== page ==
Small, concealable, and often available in desirable designer brands, eyewear and especially sunglasses are a major target of retail theft.
So much so, sunglasses rank as the fourth most commonly stolen item in the apparel and fashion accessories sector, according to the most recent Global Retail Theft Barometer.
So how do retailers protect against eyewear theft?
The eyewear challenge
Eyewear presents a unique challenge in retail. On one hand customers want to quickly and easily try on not just one but many pairs of glasses or sunglasses before making a purchasing decision. That means locking them in a case can be inconvenient for both staff and consumers, impeding a sale and the customer experience.
On the other hand, eyewear is one of the most commonly targeted items for theft. And the value of eyewear varies, ranging from ultra-affordable options to designer brands costing hundreds of dollars.
Meanwhile, the very nature of eyewear design means standard labels and tags may not be sufficient. As any department store or eyewear retailer will attest, it’s not uncommon for shoplifters to simply unhook a swing tag or peel off a label, then pop the sunglasses on their head and simply walk out.
So, what should retailers do?
Eyewear theft prevention strategies
Like any loss prevention strategy, eyewear theft protection relies on a series of techniques that range from good store layout and customer service to product-based electronic article surveillance. So, working from the product-level up, here are the strategies retailers can employ.
EAS and optical tags
While common tags and labels may not be suitable for eyewear, there are specific security tags designed to protect sunglasses and optical products from theft.
These optical tags are purpose-made to ensure the user experience and aesthetic appeal of the eyewear are not impacted, but the item is still guarded against shoplifting.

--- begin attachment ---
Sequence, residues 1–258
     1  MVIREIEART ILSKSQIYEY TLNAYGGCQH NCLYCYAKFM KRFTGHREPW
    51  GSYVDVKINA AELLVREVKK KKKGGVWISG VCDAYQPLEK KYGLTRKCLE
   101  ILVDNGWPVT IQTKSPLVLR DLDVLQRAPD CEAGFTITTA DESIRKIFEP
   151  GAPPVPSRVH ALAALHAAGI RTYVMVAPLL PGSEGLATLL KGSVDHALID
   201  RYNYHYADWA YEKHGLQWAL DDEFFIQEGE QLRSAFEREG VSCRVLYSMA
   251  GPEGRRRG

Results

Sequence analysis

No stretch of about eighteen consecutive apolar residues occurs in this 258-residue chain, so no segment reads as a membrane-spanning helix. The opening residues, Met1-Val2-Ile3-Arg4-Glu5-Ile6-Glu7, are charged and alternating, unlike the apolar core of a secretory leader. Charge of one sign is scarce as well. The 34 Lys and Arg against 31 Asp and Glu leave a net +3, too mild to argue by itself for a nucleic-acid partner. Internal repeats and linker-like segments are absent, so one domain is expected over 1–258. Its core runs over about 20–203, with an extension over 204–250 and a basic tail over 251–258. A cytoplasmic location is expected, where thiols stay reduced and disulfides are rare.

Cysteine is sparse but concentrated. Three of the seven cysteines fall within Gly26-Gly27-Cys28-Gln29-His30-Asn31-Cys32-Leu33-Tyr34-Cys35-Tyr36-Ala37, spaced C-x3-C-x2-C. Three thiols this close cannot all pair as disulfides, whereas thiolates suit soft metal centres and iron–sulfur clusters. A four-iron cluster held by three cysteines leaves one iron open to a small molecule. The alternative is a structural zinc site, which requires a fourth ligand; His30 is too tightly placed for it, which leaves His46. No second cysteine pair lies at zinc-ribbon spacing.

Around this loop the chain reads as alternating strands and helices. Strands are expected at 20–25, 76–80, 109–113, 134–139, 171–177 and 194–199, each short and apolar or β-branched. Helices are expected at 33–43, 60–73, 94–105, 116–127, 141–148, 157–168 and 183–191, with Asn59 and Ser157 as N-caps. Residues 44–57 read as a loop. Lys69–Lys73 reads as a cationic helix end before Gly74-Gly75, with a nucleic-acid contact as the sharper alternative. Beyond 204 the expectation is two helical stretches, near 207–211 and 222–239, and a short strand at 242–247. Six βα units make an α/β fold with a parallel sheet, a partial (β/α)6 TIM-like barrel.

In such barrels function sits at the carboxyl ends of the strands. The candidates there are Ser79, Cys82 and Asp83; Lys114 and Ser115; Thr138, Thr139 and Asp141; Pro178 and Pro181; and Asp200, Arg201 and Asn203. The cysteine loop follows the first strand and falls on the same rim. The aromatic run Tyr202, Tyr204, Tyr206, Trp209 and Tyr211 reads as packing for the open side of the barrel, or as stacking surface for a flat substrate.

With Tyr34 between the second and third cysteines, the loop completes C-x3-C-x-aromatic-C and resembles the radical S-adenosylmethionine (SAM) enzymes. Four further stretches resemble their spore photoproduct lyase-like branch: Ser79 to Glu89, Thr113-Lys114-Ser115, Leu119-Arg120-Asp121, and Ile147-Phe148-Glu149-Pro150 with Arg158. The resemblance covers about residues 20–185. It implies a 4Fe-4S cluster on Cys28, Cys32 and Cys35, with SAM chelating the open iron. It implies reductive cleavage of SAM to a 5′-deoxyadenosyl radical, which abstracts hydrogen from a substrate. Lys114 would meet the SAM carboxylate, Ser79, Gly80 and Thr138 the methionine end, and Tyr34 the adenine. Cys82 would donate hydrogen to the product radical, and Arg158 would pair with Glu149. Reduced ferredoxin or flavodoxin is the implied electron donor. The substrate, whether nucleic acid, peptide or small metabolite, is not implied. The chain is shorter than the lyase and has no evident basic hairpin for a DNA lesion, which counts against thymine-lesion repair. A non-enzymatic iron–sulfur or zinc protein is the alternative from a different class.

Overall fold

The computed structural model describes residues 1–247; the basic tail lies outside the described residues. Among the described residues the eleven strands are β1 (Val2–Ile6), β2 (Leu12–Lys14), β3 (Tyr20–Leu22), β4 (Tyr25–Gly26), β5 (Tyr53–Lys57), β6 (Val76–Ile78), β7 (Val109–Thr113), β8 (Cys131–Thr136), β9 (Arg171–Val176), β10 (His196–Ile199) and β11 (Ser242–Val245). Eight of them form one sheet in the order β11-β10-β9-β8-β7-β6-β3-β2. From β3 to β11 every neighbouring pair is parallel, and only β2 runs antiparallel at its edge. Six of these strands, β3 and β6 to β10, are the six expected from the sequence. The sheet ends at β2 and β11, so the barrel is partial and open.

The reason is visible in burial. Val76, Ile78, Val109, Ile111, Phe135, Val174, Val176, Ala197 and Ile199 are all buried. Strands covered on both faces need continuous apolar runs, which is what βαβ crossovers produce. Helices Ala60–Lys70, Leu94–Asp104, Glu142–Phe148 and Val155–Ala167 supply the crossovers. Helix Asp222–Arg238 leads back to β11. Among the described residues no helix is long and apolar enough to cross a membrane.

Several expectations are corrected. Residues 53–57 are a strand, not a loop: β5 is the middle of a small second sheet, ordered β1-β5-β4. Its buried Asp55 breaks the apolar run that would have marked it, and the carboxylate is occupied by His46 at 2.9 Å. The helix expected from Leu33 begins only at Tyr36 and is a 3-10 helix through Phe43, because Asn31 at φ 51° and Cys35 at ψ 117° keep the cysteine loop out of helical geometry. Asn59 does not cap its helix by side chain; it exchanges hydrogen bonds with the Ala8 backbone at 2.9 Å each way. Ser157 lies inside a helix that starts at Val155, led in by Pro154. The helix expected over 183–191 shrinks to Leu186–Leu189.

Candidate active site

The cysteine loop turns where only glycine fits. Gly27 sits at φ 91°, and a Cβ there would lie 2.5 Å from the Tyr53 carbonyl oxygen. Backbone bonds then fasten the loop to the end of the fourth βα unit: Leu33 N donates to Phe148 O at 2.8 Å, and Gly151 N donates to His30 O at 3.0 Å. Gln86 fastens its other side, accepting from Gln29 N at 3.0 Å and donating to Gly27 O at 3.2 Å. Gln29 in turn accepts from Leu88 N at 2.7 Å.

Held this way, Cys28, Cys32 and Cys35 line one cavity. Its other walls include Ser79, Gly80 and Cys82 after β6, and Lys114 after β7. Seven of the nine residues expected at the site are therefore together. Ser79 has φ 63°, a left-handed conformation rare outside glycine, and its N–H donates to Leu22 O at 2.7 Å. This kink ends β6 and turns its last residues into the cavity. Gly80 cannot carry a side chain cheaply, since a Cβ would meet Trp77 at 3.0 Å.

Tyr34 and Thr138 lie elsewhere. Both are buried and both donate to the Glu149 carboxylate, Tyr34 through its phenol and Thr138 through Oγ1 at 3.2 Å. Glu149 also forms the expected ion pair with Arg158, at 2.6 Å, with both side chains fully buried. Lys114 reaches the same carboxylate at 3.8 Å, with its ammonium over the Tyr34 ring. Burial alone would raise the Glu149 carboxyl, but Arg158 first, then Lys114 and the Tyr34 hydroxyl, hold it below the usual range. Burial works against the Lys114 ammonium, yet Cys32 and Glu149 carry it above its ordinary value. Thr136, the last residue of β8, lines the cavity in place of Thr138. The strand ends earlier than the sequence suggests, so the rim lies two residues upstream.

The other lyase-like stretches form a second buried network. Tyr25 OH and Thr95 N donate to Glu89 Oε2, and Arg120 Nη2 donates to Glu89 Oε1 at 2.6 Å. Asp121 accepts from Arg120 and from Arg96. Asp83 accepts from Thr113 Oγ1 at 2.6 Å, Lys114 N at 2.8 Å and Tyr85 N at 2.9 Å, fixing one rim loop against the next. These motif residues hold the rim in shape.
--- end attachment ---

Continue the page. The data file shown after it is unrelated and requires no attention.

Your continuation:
At Security Tags, our preferred optical tag of choice is Optilock, as it offers the best balance between size and security. Optilock is available in two sizes suited to narrow optical frames and larger fashion frames.
The patented locking method locks tighter to frames and adjusts to frames thickness up to 0.2″ thick, and unlike similar security tags, the Optilock won’t break when over tightened.
For fashion retailers with only a limited number of sunglasses, glass cabinets can be a suitable theft prevention method.
But, although lockable cabinets protect items from theft, they can impede the customer experience of trying on items. They can also place an unnecessary burden on staff, who are tasked with locking and unlocking cabinet doors, so a customer can see what suits.
The simple act of having a staff member available in the eyewear department goes a long way to reducing incidents of theft. This sales associate is ideally on hand to meet and greet clientele, and guide them through the selection of a product.
Layout and lighting
The basic layout and lighting of a retail also has the potential to decrease the likelihood of eyewear theft. Eyewear accessories should be in full view of the sales counter. Meanwhile, lighting should be bright enough to ensure a potential shoplifter feels too visible to go through with a theft or tamper with its labelling.
As with all retail, store surveillance can play an important role in protecting an eyewear outlet or department against shoplifting. Visible surveillance can act as a deterrent to theft and also assist police in catching a previous offender.
The final word
Eyewear might be a small product, but its theft can quickly add up in terms of inconvenience and cost for retailers.
And, like all loss prevention, protecting eyewear products should involve a multi-faceted approach. This strategy starts at a product-based level with optical security tags and extends right through to service and store design.